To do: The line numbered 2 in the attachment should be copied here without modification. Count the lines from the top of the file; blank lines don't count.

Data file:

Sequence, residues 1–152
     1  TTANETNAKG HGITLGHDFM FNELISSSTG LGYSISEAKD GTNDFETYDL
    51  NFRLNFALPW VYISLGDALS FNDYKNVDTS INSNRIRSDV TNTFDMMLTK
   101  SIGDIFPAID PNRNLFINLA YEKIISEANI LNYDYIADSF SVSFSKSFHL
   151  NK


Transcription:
     1  TTANETNAKG HGITLGHDFM FNELISSSTG LGYSISEAKD GTNDFETYDL